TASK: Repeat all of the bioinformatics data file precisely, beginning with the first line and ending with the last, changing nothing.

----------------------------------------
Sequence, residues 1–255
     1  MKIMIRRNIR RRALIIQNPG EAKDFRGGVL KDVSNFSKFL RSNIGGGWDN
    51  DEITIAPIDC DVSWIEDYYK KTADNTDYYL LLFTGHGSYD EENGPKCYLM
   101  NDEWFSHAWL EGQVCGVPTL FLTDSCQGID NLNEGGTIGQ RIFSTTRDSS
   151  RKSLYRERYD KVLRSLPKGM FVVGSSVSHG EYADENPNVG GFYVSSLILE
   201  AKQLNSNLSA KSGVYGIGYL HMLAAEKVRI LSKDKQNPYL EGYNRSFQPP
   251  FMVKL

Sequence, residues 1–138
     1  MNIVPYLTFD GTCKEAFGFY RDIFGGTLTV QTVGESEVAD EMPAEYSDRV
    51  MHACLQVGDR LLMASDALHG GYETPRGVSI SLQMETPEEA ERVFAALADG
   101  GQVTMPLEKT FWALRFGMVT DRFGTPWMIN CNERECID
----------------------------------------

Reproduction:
Sequence, residues 1–255
     1  MKIMIRRNIR RRALIIQNPG EAKDFRGGVL KDVSNFSKFL RSNIGGGWDN
    51  DEITIAPIDC DVSWIEDYYK KTADNTDYYL LLFTGHGSYD EENGPKCYLM
   101  NDEWFSHAWL EGQVCGVPTL FLTDSCQGID NLNEGGTIGQ RIFSTTRDSS
   151  RKSLYRERYD KVLRSLPKGM FVVGSSVSHG EYADENPNVG GFYVSSLILE
   201  AKQLNSNLSA KSGVYGIGYL HMLAAEKVRI LSKDKQNPYL EGYNRSFQPP
   251  FMVKL

Sequence, residues 1–138
     1  MNIVPYLTFD GTCKEAFGFY RDIFGGTLTV QTVGESEVAD EMPAEYSDRV
    51  MHACLQVGDR LLMASDALHG GYETPRGVSI SLQMETPEEA ERVFAALADG
   101  GQVTMPLEKT FWALRFGMVT DRFGTPWMIN CNERECID